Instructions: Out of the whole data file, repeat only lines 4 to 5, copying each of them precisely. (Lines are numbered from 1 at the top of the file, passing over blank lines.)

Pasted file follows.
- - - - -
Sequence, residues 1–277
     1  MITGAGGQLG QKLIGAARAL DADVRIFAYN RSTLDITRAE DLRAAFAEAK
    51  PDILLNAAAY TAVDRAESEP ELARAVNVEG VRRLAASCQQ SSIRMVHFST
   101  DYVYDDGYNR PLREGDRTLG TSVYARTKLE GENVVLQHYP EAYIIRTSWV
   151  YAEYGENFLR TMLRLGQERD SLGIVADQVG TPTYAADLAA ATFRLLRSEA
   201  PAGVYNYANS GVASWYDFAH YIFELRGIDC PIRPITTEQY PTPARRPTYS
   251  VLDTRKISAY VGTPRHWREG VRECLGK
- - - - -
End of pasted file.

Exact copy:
   101  DYVYDDGYNR PLREGDRTLG TSVYARTKLE GENVVLQHYP EAYIIRTSWV
   151  YAEYGENFLR TMLRLGQERD SLGIVADQVG TPTYAADLAA ATFRLLRSEA